*136 Although the trial judge excluded punitive damages from consideration by the jury, the very serious discrepancies in which both the defendant and the former husband of the plaintiff were involved and the distasteful nature of some of the evidence ventured by Mr. Donnell may have reflected themselves somewhat in the amount of the verdict. Wholly apart from this, and viewed from the standpoint of the plaintiff, however, there was ample proof to justify a finding that a marriage of some twenty-five years duration was destroyed by the actions of the defendant. Neither this Court, nor the courts generally, are prone to encourage actions of this nature. In some states they have been abrogated by statute. So long as the right of action subsists, however, it must be enforced by the courts and there certainly was evidence in the record to justify the jury verdict in this case.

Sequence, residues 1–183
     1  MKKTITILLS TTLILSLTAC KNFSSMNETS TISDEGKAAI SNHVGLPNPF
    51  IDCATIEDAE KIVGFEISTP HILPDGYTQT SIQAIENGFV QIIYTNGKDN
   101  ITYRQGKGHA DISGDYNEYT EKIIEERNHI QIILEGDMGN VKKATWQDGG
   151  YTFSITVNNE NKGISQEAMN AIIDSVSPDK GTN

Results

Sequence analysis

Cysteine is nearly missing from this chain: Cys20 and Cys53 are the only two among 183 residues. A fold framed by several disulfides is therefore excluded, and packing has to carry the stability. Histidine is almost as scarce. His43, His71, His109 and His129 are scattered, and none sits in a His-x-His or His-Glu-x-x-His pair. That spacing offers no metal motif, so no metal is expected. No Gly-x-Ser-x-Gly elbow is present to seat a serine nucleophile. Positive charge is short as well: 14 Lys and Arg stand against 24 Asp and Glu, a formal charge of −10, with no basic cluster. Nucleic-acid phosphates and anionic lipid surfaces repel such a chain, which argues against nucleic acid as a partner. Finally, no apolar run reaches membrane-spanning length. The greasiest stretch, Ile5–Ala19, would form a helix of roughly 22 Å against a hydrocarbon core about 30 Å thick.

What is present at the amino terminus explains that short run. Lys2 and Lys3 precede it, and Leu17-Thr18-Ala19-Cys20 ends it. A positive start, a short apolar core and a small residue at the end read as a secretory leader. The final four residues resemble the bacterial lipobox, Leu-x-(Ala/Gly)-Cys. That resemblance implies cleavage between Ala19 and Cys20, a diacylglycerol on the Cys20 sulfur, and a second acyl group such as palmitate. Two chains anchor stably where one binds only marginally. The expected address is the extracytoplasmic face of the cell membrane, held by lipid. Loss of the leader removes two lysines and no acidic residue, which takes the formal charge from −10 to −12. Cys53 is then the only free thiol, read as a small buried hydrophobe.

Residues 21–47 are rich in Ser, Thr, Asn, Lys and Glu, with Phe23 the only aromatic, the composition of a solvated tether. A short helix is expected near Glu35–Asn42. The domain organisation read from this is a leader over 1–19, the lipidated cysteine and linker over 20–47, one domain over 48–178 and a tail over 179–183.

The judgment of the trial court is reinstated and the costs are taxed against the defendant.